OLDER Australians could be forced to wait beyond the next Budget for a long-overdue pension boost promised by Treasurer Wayne Swan.
After a horror day on the financial markets and predictions of a worldwide recession, Prime Minister Kevin Rudd signalled that pensioners may to have to wait beyond the May Budget for a much-needed pay rise.
Five days ago Treasurer Wayne Swan vowed there would be extra money for older Australians in the 2009 Budget, but Mr Rudd and Finance Minister Lindsay Tanner yesterday refused to commit to the same deadline.
Mr Rudd said the Government was committed to working hard to "get it right" but didn't put a date on delivery.
Earlier, Mr Tanner shocked pensioner groups when he would not speculate on a pension increase and said he was not in the business "of handing out guarantees".
Brisbane pensioner Daphne Ogden, who voted Labor for the first time in her life last year, said she had put her hope in Labor and felt like she had been betrayed.
Mrs Ogden, 73, who worked in a bank to put her children through private school, said she hoped Labor would help "the less fortunate".
Charmaine Crowe, of the Combined Pensioners and Superannuants, said the Government's position on a boost to pensions was an "unacceptable" change.
"Let's face it, pensioners have been calling for an increase in the pension for years," she said.
"The pension is not enough and something has got to give because the rising cost of living is so detrimental to pensioners at the moment that it is just ridiculous."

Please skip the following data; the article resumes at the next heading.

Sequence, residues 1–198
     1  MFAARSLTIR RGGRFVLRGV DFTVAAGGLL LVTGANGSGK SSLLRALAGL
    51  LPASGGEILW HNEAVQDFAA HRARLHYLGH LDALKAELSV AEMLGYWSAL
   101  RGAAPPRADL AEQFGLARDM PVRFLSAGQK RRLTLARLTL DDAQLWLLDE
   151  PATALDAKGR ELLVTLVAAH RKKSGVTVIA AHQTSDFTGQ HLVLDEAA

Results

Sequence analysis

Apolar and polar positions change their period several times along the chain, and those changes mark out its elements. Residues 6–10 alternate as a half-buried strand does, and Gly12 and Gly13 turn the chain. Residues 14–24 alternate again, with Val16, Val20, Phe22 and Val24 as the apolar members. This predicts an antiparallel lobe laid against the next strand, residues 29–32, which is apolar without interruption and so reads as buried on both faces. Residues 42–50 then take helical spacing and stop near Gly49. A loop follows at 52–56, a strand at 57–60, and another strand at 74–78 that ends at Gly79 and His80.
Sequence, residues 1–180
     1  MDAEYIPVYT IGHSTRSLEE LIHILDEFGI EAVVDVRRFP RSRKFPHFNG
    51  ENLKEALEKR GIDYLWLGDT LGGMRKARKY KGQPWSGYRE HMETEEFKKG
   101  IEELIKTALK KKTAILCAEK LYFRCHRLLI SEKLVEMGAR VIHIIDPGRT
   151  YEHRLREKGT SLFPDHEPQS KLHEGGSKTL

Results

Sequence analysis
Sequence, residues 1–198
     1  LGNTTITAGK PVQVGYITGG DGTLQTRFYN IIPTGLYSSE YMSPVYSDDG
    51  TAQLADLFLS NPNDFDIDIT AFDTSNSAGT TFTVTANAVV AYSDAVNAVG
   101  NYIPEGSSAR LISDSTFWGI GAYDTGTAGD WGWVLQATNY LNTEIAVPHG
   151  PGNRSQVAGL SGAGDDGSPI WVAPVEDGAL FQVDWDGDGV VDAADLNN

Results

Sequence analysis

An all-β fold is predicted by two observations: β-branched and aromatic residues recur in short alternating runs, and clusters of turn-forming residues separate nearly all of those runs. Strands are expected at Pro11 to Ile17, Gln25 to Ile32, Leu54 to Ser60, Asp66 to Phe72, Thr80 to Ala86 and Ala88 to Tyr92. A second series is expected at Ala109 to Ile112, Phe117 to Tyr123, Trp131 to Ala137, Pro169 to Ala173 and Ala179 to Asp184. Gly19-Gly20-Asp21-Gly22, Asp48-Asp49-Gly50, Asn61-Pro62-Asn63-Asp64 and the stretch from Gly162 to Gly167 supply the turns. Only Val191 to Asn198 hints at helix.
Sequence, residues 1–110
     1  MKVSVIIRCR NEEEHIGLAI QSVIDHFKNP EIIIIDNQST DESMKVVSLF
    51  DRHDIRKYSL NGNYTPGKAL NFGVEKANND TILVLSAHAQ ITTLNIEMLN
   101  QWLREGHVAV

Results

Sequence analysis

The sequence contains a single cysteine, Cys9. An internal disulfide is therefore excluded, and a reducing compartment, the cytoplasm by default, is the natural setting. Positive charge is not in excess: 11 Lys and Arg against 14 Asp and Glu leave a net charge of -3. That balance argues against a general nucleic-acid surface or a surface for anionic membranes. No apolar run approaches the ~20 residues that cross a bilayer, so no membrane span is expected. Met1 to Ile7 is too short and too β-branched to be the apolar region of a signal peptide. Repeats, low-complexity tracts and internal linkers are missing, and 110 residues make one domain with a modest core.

National Seniors chief executive Michael O'Neill said he was dismayed that there could be a shift.
"There will be anger across the community if our most vulnerable older Australians, who currently survive on $281 a week, are the first to be fobbed off in this financial crisis," Mr O'Neill said.
Mr Rudd said the Government was working on long-term plan to help pensioners.
"We're going to do it in a proper way, in a systematic way, once we've got all the numbers right," he said.
Mr Rudd admitted the worldwide downturn was going to cut government revenue, but insisted that pension reform was a priority.
However he did spell out that lifting the pension was expensive work and that a $30-a-week rise for millions of pensioners would cost $24 billion over four years.
"Every $10 increase across the board is $2 billion on the bottom line for one year," he said.
Mr Rudd said the Government was committed to responsible economic management and ensuring all Australians – including pensioners – enjoyed a stable banking system.
The Federal Opposition has been pushing an immediate $30-a-week rise for single aged pensioners.
Mr Swan, who is in Washington, last Sunday gave a clear commitment that pensioners would be looked after in the upcoming Budget.
All I have to say to that is if they get rid of all the politicians perks, especially the post-office ones they will save themselves billions of dollars. Hypocrites of the highest order. The Greens (for years) and family first recently have been trying to get the pension increased but the Howard Government always ignored them, while the Labor opposition never made a big fuss about it.
I'm on a Carer's pension because my father is disabled and there's no other way to get care for him. If they keep fucking around with this I probably will go out and get my old job back or a new one, preferably something with statistics. I can't continue to live like this. This is supposed to be the lucky country but it's only lucky if you're a politician or know the right people to get ahead in life.
I think we need to go down the path of the UK who have a Minister for Carers and a Minister for Disbability. In the U.K there is a "Motability" scheme to help the Disabled and Carers get a car at an affordable rate, instead of buying one they are leased to you for a minimum of 3 years at an affordable rate. Comprehensive insurance, routine servicing and breakdown assistance are included. The cost of this is already added on the Pension as a "mobility allowance". Why we don't have this in Australia I don't know.